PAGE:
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Clin Exp Immunol. 1998 May;112(2):205-15.

Isolation and phenotypic characterization of colonic macrophages.

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Department of Internal Medicine I, University of Regensburg, Germany.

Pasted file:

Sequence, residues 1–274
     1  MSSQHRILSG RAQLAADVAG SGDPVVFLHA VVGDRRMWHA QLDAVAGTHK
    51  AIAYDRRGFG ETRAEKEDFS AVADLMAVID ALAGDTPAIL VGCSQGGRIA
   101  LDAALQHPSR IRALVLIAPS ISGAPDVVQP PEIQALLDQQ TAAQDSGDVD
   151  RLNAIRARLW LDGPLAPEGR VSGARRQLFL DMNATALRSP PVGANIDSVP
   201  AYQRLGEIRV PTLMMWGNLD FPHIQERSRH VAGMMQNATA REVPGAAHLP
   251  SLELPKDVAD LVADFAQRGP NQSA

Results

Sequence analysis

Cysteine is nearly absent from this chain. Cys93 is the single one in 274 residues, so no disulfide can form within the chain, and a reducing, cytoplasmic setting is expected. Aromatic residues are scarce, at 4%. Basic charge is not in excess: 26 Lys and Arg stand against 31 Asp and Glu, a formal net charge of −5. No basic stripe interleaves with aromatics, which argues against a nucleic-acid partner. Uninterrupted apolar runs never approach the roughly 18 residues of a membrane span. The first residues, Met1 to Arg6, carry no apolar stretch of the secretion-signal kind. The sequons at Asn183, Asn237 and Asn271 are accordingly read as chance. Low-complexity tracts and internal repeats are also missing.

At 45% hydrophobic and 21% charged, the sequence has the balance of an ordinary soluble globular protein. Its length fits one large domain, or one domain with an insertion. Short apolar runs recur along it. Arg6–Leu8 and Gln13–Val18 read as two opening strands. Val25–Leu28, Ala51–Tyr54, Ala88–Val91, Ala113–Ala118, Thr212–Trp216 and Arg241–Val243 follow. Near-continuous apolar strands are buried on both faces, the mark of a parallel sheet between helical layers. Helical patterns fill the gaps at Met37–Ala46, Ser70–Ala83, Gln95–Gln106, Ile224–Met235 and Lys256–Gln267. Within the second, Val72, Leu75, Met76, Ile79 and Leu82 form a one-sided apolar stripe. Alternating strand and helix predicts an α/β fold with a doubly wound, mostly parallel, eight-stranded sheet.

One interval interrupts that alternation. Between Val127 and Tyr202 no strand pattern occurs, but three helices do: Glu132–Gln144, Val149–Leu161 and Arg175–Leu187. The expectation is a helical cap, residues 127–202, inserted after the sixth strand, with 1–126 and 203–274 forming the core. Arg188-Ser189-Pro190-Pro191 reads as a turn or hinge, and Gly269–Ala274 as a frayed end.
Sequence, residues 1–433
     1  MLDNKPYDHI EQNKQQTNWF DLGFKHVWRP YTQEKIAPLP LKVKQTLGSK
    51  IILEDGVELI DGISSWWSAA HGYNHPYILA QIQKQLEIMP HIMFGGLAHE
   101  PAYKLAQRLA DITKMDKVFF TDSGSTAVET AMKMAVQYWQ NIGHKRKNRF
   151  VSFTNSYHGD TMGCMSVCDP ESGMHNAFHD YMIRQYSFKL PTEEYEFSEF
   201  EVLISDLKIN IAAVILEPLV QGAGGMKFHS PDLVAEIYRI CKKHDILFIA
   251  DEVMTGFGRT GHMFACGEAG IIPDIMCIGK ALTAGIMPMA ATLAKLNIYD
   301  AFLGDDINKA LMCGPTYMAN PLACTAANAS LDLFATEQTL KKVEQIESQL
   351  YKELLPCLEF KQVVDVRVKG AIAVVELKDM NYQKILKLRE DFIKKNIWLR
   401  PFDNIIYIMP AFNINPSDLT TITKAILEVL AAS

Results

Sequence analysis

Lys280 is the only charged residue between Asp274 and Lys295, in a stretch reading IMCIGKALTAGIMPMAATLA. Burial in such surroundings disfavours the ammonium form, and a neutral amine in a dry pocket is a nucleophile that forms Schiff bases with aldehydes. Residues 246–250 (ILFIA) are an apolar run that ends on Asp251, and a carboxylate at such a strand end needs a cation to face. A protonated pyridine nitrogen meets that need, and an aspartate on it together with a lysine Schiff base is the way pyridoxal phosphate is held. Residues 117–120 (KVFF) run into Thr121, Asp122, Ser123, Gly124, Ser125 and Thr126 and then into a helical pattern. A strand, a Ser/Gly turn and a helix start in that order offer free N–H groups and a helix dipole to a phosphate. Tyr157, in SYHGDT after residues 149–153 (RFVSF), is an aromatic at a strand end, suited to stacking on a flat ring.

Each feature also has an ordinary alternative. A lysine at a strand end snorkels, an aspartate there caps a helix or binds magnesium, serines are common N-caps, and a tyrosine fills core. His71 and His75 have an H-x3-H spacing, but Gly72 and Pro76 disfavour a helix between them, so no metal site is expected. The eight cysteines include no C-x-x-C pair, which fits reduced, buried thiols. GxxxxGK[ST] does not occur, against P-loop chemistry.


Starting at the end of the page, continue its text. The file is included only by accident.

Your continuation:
Macrophages play an important role in the intestinal mucosal immune system. However, they are a poorly defined cell population. We therefore determined their phenotype in normal colonic mucosa. Macrophages were isolated from colonic biopsies and surgical specimens by collagenase digestion. Colonic macrophages were positively sorted by anti-CD33 magnetic beads. Flow cytometric triple fluorescence analysis was applied to study CD14, CD16, CD33, CD44, CD11b, CD11c, CD64, HLA-DR, CD80, CD86 and CD3/CD19 expression. CD33 was evaluated as a positive marker for intestinal macrophages. CD33+ cells isolated from normal colonic mucosa showed co-expression of the established intracellular macrophage marker CD68 in FACS analysis. CD33+ cells were capable of phagocytosis. Isolation of this cell population by magnetic anti-CD33 beads and culture resulted in a 4.2-40-fold increase in IL-1beta and 4.5-44-fold increase in tumour necrosis factor-alpha (TNF-alpha) secretion compared with unsorted lamina propria mononuclear cells (LPMC). Of the CD33+ cells, 90.9 +/- 6.9% (mean +/- s.d.) were CD44+. However, macrophages from colonic mucosa showed only a low expression of CD14 (10.5 +/- 3.8%), CD16 (10.1 +/- 3.9%), HLA-DR (27.3 +/- 9.2%), CD11b (17.4 +/- 6.8%), CD11c (17.8 +/- 10.4%). Furthermore, expression of CD80 (9.2 +/- 4.2%) and CD86 (15.1 +/- 7.3%) was low, suggesting a low ability of normal intestinal macrophages to activate T cells and T cell-mediated immune responses. We conclude that CD33 is useful for the isolation and flow cytometric characterization of colonic macrophages. These cells exhibit a single phenotype in normal mucosa (CD33++, CD44++, CD14-, CD16-, CD11b-, CD11c-, HLA-DRlow, CD80-, CD86-) lacking lipopolysaccharide (LPS) receptor and costimulatory molecules.

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